Illustration tees explained

'Soul Bird' sweater by Jan Buchczik

Like their close cousin the graphic tee, illustrated T-shirts have really taken off in recent years; from intricate fine line drawings to bold Keith Haring-inspired prints, some of our favourite recent Everpress designs have been the work of illustrators.

Style and function

With closer links to fine art, illustrated tees tend to have a less explicit meaning than their graphic counterparts. They do crop up as music merch and other forms of promo, but more often they’re an adaptation of an existing print, a way of sharing a much-loved work on a new medium.

When it comes to production, illustrated T-shirts can be more costly to print than graphic T-shirts because their images are often more elaborate, using finer detailing and more colours than a graphic design, but this is not always the case by any means. To get an idea of the scope of illustrated tees, check out our run through of some of the best on our platform below:

Sophy Hollington – Darkness

Appearing as posters, book covers, and a new 30 card tarot deck created in collaboration with David Keenan (and a series of tees that featured the resulting cards), Brighton-based illustrator Sophy Hollington’s lino-cut relief prints are multifaceted. Her Darkness tee started life as an illustration for Migrant Journal, but the silver on black print was too good not to extend to another medium.


The record label, party and radio show No Bad Days put out a T-shirt version of the posters for their Sushi Soirée nights at London’s Brilliant Corners. We loved the clean Keith Haring-esque colours of this one, plus its meta – a literal illustration of one of their nights.

Kyle Platts – RSI

Over the past year illustrator Kyle PlatTs has proven himself as a T-shirt designer; his bi-monthly T-shirt drops have become some of the most hotly anticipated on our platform. When we caught up with Kyle he explained why T-shirts are such a vital medium for him, “A T-shirt is a good platform for an artist because people take clothing really seriously. It’s an accolade if someone wants to wear something you’ve made.”

Jan Buchzik – SOUL BIRD

Jan Buchzik’s playful illustrations have graced the pages of The New York Times, The Guardian and The New Yorker, and they’ve even appeared as a Google homepage (to celebrate Otfried Preußler’s birthday). Taking its inspiration from Michael Snunit’s book of the same name, his Soul Bird T-shirt features one of the colourful, direct images that are his signature, and he collaborated with the photographer Gesine Laura Hennig to create some beautiful promo shots of it too.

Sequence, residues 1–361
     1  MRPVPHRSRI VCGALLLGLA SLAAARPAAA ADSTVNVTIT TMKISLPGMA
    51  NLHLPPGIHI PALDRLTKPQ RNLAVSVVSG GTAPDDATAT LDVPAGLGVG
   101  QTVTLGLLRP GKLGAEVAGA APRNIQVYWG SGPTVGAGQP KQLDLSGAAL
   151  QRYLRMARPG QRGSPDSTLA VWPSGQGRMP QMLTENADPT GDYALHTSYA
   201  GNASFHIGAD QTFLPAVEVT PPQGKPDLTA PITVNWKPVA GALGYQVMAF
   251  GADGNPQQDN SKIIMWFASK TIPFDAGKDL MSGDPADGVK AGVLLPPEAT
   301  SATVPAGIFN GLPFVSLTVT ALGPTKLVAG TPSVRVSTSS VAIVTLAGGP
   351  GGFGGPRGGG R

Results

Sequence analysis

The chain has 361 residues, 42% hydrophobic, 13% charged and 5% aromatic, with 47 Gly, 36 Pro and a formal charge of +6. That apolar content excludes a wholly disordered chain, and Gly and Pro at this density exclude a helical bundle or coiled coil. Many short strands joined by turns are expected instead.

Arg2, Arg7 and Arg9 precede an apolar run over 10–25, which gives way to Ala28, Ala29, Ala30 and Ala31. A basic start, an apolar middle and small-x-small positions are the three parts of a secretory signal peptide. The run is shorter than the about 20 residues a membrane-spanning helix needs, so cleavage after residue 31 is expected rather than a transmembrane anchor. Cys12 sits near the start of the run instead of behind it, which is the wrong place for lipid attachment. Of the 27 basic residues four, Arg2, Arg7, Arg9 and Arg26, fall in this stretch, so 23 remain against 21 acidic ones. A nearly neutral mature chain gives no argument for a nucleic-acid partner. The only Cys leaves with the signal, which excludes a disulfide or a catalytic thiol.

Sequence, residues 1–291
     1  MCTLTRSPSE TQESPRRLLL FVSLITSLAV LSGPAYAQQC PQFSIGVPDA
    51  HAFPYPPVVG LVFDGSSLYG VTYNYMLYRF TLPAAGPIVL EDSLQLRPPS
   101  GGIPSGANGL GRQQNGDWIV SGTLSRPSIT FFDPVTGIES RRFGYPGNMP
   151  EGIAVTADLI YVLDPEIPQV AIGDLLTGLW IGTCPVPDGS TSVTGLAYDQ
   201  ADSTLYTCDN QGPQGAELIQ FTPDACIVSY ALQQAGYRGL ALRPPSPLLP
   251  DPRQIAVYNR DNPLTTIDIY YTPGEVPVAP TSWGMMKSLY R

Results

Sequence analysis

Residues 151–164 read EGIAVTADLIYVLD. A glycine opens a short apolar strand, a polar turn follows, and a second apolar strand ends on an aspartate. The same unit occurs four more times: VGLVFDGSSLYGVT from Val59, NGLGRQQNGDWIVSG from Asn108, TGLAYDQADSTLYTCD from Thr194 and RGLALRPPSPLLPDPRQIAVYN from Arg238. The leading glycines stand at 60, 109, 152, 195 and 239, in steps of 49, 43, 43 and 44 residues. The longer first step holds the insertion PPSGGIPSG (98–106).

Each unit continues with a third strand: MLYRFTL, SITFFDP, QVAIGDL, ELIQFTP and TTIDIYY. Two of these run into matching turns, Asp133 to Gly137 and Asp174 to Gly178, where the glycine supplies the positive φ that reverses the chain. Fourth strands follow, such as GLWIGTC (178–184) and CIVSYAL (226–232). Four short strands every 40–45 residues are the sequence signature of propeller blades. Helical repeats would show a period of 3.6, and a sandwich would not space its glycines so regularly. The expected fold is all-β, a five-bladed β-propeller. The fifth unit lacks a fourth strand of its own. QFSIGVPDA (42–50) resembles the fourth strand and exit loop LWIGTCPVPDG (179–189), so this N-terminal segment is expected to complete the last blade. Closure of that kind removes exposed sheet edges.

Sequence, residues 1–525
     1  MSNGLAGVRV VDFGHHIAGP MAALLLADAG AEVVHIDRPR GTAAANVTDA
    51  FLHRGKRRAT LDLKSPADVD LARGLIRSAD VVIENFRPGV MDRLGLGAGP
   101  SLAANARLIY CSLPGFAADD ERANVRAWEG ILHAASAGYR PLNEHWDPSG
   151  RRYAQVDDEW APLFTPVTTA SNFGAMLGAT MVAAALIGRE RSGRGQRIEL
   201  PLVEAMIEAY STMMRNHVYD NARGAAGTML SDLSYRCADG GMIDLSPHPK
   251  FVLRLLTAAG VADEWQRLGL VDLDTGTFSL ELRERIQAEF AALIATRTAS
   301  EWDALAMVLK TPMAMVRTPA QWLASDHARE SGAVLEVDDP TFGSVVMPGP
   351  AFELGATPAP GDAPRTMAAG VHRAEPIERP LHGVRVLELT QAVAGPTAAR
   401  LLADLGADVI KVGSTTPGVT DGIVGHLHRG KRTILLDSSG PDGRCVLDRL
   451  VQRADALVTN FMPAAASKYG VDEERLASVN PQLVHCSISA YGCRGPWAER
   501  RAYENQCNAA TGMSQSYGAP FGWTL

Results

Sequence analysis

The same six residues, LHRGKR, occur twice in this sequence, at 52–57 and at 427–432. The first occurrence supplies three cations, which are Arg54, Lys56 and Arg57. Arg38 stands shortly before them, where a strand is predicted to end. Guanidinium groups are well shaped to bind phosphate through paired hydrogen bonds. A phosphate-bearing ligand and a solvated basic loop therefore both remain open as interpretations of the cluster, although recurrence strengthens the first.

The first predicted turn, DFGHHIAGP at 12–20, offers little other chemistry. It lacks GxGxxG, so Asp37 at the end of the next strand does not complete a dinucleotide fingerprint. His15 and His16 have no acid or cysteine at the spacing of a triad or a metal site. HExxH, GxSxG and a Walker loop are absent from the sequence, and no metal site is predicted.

Bjenny Montero – 50/50

Melbourne-based Bjenny Montero (or “the underground hero of comic strips” as It’s Nice That put it), has gained a cult following over the years, with a portfolio that includes merch for the likes of Mac Demarco and Kurt Vile. His exploration of censorship for our 50/50 campaign with Amnesty International, charted the dismantling of a wall, as he put it, “Censorship is just borders and walls being built.”

Venus Libido

Venus Libido doesn’t shy away from difficult topics. The UK-based illustrator uses her work to confront misogyny and patriarchal values, in her own words: “We must challenge what has been the norm for so long and we must address the things that are taboo.” Part of the lineup for our 2018 50/50 campaign with Amnesty International, she’s since brought out this hoodie with us too, and we can’t think of a better visual summary of Venus’ style.

Joey Yu – Midnight Walk

Colour is a big part of Joey Yu’s work and she played true to form with her Midnight Walk design, opting for a vibrant red long sleeve top instead of a plain white tee. She really turned the whole garment into her canvas; as well as including an originally 2D illustration, she added contrast blue writing down each sleeve.

Claire Barrow – Smoking Cloud

When we spoke to Claire Barrow about last year’s Archive Revisited campaign, she traced an interest in illustrating clothes as far back as school; “I started drawing on jeans and clothes at school, even making them for my friends for 5 quid.” Taken from her 2015 Autumn/Winter collection, High Flyers was based on the relationship between freedom and the commercial world, “I was imagining a woman working in a skyscraper flying out the window to escape the misogyny and sexism that brought her down to earth.” And she chose to fundraise for a cause close to her heart too, donating a portion of the proceeds to the London charity NIA, which offers hands-on services to women and girls suffering any form of male abuse.

Ruohan Wang – Brave Women On The Way

For our International Womxn’s Day campaign, Berlin-based illustrator, painter and visual artist Ruohan Wang decided to update her own logo. “On my original design there are 8 genderless legs,” she explained, “I added high heel shoes. Brave and together with love, we are on the way to a better world.”

Isabell Altmaier

Originally created for the exhibition wall at Illustratoren Festival, Isabel Altmaier’s linocut and riso printed piece looks as good on a T-shirt as it did on a display wall. An exploration of the word ‘Kiss’, Isabel’s illustration tackles ideas of paradise and sin, with a snake and apple nodding to its Edenic origins. The primary colour scheme means it’s remarkably uncluttered and clean looking, despite all the references it contains.

Read our break down of 8 tools and resources for great T-shirt designs here.